By now I’m sure you’ve read my thriller novella, My Name Is Revenge, and are desperately looking around for more of my fiction writing.
You’re in luck! I’ve had a number of short fiction works published this year, including some flash fiction, and most of it you can read online for free from these fine publications. Enjoy!
in SmokeLong Quarterly
A tiny story about a larger-than-life woman. The Unicorn inspired this amazing artwork by US artist Chris Roberts.
Your Results Are In
in Baby Teeth Journal
This story, inspired by several true events as well as my ever-growing stack of medical lab results, has been described as ‘creepy and fabulously funny’ (so definitely on brand).
in Stylus Lit
A tiny story about how rotten people can be.
A story about relationships. (This piece came out last year.)
in Verandah 33
The story of a woman discovering the bureaucratic horrors of nursing home life. (This is the only story listed here without free access, but no worries, the journal is available in both PDF and print.)
Way back in July, I was shortlisted for the Carmel Bird Digital Literary Award. I’m immensely pleased to share that my novella was selected as one of the award finalists and is now an e-book! It has a new title and a snazzy cover.
A thriller set in 1980s Sydney and drawn from true events, including a series of international terrorist attacks, My Name is Revenge is the story of a young man seeking justice.
My Name is Revenge is available from Booktopia and Amazon, as well as iBooks and wherever ebooks are sold.
You might like to read it, particularly if you like thrillers, new insights into 20th-century history, or fiction set in Australia. It’s a novella, which means it’s short as. Plus there’s an essay at the end that delves into the story’s historical context. And I heard you saying just the other day how much you love essays!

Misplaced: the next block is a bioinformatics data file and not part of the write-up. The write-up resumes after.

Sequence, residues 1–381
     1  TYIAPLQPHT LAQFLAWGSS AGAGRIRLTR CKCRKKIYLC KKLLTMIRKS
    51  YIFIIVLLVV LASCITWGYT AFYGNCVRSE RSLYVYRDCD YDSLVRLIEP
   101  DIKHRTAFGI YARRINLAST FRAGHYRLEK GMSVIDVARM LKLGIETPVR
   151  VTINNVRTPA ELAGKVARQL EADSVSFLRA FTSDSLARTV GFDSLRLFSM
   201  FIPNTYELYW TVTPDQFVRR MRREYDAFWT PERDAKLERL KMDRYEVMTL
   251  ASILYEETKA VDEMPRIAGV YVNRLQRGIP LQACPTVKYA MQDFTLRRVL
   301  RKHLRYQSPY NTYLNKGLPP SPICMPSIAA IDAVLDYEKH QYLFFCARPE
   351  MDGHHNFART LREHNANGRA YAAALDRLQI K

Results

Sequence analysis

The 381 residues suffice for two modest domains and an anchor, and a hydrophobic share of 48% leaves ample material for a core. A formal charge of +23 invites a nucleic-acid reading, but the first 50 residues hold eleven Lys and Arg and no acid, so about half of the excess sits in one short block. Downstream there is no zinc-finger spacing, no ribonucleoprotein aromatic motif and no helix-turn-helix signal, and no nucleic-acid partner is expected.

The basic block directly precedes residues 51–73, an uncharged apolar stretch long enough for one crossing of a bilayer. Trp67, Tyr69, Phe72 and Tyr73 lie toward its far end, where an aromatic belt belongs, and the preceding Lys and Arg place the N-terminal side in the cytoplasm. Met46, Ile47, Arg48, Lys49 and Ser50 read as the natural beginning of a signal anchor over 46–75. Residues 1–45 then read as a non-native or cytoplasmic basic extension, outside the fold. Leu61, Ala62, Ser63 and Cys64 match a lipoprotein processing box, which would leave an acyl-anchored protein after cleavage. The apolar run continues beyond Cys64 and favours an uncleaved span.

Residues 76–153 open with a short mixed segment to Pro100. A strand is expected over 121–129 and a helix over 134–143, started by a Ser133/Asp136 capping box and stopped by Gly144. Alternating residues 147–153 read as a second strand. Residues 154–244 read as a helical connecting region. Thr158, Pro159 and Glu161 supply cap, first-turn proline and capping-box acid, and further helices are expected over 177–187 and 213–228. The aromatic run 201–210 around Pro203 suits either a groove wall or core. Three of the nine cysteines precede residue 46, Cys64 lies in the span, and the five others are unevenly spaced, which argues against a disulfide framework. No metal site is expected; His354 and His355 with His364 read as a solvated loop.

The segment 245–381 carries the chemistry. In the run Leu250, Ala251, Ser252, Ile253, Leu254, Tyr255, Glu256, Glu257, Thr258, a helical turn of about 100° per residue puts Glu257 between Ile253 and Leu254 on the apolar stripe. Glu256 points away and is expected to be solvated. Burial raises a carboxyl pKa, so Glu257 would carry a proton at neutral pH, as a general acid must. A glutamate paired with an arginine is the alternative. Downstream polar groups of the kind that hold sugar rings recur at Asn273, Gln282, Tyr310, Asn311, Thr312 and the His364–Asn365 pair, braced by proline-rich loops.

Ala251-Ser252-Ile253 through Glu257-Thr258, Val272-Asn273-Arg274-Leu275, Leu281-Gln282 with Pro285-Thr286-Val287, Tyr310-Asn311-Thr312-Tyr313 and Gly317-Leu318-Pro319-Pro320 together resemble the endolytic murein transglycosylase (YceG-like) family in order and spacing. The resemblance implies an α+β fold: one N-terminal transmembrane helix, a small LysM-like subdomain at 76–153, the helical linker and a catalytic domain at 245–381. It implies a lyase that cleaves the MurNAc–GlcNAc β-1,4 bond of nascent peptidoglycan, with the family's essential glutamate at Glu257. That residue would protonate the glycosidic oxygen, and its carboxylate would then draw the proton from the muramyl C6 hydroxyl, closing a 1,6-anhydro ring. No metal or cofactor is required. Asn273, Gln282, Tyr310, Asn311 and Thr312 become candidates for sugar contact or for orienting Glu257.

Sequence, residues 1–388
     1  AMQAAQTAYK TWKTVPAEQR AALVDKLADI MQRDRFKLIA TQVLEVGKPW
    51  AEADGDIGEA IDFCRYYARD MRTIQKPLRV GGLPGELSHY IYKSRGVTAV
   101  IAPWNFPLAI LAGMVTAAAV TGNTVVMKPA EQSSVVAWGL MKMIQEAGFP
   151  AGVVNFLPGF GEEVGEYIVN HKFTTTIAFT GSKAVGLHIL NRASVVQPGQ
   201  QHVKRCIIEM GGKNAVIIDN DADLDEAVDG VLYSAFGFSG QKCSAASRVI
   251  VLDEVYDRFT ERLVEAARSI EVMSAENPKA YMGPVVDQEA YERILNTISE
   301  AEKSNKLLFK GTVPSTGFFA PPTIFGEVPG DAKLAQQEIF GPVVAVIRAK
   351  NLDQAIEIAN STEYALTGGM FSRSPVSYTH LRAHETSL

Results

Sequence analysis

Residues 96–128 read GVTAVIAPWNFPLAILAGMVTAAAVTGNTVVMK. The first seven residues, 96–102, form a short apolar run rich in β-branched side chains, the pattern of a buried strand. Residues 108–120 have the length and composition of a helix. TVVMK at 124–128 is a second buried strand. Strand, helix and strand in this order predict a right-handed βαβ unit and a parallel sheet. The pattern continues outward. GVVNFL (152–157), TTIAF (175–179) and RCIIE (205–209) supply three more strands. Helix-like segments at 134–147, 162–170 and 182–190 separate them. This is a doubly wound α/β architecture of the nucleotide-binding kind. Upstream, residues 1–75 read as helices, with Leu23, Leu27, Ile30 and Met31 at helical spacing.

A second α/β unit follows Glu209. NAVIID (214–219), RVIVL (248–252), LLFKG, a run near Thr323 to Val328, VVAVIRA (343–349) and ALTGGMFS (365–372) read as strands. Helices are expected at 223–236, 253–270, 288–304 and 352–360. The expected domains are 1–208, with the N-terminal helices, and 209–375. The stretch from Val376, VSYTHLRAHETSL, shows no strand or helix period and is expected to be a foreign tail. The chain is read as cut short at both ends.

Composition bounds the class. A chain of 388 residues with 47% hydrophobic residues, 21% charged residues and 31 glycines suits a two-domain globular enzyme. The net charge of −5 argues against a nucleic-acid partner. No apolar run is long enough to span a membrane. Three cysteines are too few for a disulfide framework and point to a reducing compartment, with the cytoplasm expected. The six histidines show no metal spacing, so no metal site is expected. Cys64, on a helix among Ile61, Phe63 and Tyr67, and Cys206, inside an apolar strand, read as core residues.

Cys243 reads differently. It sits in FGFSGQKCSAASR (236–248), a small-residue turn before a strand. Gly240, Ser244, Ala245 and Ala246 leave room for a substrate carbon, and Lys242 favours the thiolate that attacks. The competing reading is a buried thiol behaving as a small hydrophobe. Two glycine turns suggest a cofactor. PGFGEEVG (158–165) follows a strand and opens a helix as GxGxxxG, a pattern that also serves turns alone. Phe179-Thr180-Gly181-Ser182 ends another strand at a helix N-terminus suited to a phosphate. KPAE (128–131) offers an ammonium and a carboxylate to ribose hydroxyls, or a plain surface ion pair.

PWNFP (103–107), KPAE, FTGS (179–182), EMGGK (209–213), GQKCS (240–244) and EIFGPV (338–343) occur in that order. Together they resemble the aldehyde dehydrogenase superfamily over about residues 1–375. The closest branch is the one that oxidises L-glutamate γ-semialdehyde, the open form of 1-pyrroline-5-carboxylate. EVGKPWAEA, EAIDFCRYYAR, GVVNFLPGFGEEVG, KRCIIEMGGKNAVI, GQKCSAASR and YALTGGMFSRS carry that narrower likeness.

You might like to tell your friends about it, since word of mouth is still one of the main ways people find out about new books. You could send them the link right now.
If you read it, you might like to leave a review on Booktopia or Amazon, since the number of reviews a book receives is a key factor in its success on these platforms, thanks to the magic of algorithms. Plus you’d totally be my hero.
Despite being unable to leave my house 87% of the time, I was invited for a guest interview on the reading and writing podcast From the Lighthouse with Stephanie Russo and Michelle Hamadache.
The interview was great fun, and I was able to share two key tips for writers, which I’m particularly keen on: setting rejection goals, and joining a public speaking club (like this particular one in Sydney’s Inner West). I also suggest rubbing salt in your wounds on an hourly basis because that is what it is to be a writer.